There were no guards when a massacre erupted at the Tree of Life synagogue in Pittsburgh in 2018, leaving 11 dead. (The trial for the gunman started last month, with prosecutors seeking the death penalty.) Nor were there any guards, six months later, at the shooting that killed one woman at the Chabad of Poway in California in 2019, although an off-duty border patrol agent who was among the congregants reportedly tried to disarm the shooter. 

“Poway was the moment for many communities that said this isn’t a one-off, it can happen anywhere,” Masters adds. “What we have realized is we are not going to choose the time and place of the next incident. But we can choose our preparedness.” He says some 70 initiatives have security programs led by former law enforcement. Untold others have armed guards and metal detectors.  

Mushka participates at target practice during training. (Mark Abramson for The Free Press)

Chaiton and Lowenstein said their synagogue—and their community—have faced repeated threats. People in the neighborhood have taunted their children in the street; other times, transients have tried to break into the temple. That’s in large part why they decided to step up as volunteers. 

Another reason is financial. This synagogue already had paid guards outside of the building, but needed another level of protection inside, and other staff were too busy to take on the commitment to train as guards.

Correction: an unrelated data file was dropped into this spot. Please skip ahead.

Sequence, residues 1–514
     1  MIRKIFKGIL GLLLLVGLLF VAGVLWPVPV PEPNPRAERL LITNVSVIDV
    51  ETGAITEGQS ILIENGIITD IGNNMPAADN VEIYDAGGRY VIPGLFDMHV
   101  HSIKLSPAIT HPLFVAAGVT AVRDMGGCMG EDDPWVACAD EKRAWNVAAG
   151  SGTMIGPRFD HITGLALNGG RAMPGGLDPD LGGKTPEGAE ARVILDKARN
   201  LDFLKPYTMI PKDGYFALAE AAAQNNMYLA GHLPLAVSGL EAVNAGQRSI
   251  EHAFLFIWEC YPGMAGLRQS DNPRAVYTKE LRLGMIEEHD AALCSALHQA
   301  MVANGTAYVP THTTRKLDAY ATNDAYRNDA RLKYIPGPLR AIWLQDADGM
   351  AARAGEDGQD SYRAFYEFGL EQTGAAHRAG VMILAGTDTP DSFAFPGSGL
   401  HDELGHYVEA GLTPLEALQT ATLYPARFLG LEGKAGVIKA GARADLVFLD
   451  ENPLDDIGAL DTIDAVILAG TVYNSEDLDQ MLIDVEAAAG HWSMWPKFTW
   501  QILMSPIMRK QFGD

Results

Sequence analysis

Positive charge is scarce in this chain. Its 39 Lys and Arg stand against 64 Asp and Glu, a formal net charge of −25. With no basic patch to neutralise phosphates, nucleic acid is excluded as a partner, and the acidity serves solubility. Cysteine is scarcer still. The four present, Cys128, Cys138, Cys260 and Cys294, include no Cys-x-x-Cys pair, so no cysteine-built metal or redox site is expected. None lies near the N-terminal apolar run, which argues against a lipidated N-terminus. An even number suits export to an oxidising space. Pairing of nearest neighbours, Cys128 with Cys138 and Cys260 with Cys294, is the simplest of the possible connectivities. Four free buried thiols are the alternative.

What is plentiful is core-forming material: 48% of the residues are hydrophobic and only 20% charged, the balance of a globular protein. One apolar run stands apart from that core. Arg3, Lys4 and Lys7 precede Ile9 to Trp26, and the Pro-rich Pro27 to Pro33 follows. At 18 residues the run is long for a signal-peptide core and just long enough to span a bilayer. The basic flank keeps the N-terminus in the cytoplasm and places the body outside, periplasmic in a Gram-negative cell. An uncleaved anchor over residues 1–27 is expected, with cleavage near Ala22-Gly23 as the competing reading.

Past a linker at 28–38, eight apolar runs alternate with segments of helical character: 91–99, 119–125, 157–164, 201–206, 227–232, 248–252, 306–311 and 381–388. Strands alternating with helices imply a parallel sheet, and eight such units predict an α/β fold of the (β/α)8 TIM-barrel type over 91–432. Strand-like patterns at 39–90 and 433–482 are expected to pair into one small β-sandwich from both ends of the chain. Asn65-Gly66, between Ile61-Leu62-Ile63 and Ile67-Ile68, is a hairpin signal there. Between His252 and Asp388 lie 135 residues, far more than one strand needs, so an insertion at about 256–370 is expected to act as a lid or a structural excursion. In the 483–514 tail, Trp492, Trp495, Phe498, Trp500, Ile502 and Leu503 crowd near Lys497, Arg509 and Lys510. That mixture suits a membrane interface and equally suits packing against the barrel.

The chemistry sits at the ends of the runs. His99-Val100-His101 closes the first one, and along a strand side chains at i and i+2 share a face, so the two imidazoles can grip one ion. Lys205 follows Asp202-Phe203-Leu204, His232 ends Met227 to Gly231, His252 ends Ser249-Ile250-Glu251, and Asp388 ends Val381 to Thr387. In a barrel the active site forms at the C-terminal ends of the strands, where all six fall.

“I felt like I was the only option,” says Srula Chaiton. 

After the Pittsburgh shooting, she asked an influential rabbi if she could train to learn to shoot. To her surprise, he said yes. But the instruction wouldn’t be easy.

Magen Am, or “nation’s shield” in Hebrew, is the L.A.-based nonprofit that taught her. It was co-founded in 2017 by Rabbi Yossi Eilfort, a shooting instructor who told me he grew up in San Diego enduring antisemitic taunts from the neighborhood kids. Those moments hardened him, he said, and he “refused to be a victim,” even going on to enjoy a brief MMA career

Run on a shoestring—about $1.5 million annually, all donated—Magen Am boasts about 20 full-time guards, including former members of the U.S. military and Israeli Defense Forces, who respond to emergencies often in tandem with law enforcement. The group also teaches firearm safety, nonviolent techniques, and combat skills to Jews and non-Jews alike as well as providing armed security to Jewish schools and synagogues.